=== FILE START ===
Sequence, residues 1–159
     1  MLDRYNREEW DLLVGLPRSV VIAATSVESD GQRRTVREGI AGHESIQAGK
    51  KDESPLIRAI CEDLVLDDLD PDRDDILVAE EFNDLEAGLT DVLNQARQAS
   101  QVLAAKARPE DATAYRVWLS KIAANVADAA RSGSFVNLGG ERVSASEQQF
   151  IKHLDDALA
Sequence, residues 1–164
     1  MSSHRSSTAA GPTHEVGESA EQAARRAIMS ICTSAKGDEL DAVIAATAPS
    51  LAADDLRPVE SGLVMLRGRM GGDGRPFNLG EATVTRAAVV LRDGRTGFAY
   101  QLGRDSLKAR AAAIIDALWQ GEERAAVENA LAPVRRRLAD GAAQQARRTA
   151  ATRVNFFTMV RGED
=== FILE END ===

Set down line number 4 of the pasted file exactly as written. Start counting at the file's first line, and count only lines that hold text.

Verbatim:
   101  QVLAAKARPE DATAYRVWLS KIAANVADAA RSGSFVNLGG ERVSASEQQF